Common rules of editing

As part of my day job, I edit everything from novel manuscripts to news stories to healthcare content to nonprofit papers. Yes, I do like the variety. But there are some common rules that I rely on, no matter what type of work I’m editing. Here are a few:

  1. It’s not my byline. My name won’t be appearing on top of the article, on the cover page of the book, etc. This isn’t my work, I don’t own it. Ultimately, my job is to best serve the writer. My ego has no place in the process.
  2. Use the writer’s voice. Everyone, if they’ve been writing long enough, has a “stable” of words and phrases they use regularly. They tend to use commas in a certain way, or love to throw in the occasional em dash. Their sentences are long and flowing, short and powerful, or somewhere in between. If I tweak or rewrite something, I make sure to use words the writer would use, or structure the sentence the way they would. I keep it in the writer’s voice.
  3. Add compliments. Creative people are a neurotic, insecure bunch and everyone has imposter syndrome. (Including me.) The tendency when editing is to focus only on what needs fixing, but that can come off as too negative. If a joke works, a line of description is especially lyrical, or there’s really good information shared in a clear way, I make sure to note that. People deserve to feel good about their work.
  4. Stay open to suggestions. The writer’s suggested rewrite might be better than mine. And that’s fine by me.
  5. Be prepared to explain myself. At various publications, I’ve worked with writers who shrugged at whatever changes I wanted to make, saying “I trust you.” I’ve also worked with writers who challenged everything I marked on their articles. Sometimes my explanation satisfied them; sometimes they asked for a different change instead. But if I couldn’t justify the changes I wanted to make, did I have any right to make them? The writers were trying to have some say in the final version of their work. (See rule #1.)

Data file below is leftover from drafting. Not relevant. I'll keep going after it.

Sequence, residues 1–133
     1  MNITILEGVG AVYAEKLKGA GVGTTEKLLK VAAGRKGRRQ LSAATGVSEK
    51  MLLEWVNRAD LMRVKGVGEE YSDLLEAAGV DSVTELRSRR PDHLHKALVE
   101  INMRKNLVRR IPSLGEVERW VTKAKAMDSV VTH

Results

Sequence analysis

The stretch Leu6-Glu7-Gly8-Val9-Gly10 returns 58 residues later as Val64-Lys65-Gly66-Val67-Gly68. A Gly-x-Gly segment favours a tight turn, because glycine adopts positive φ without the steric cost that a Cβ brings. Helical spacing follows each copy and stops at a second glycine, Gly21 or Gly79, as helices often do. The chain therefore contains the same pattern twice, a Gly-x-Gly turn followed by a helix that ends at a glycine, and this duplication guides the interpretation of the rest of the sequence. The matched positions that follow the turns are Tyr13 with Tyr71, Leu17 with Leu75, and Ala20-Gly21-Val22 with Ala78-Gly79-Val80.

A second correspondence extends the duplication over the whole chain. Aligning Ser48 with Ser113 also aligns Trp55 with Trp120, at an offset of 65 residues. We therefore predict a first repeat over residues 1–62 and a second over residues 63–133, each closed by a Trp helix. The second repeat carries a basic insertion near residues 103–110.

6. Look everything up. I work with the Associated Press Stylebook, the Chicago Manual of Style, and whatever individual house styles different publications use. That’s a lot of different style guides, some of which contradict each other. (Do I use serial commas this time? Are there spaces around the em dashes or not?) It’s not possible to keep all of that in my head, so I don’t try. Editors and copy editors are more likely to get into trouble when they think, “I know this,” and don’t check to make sure they’re right.
  7. I don’t represent all readers everywhere. I might not be the target market for the work. That doesn’t mean the work should be written to appeal to me personally. That means I need to keep in mind who the target readers are, and edit accordingly. And if that means I need to look up something I don’t know, well, looking things up is my job.

It all comes down to the Golden Rule of editing: Treat the writer the way you would want to be treated as a writer. And that rule has worked well for me.

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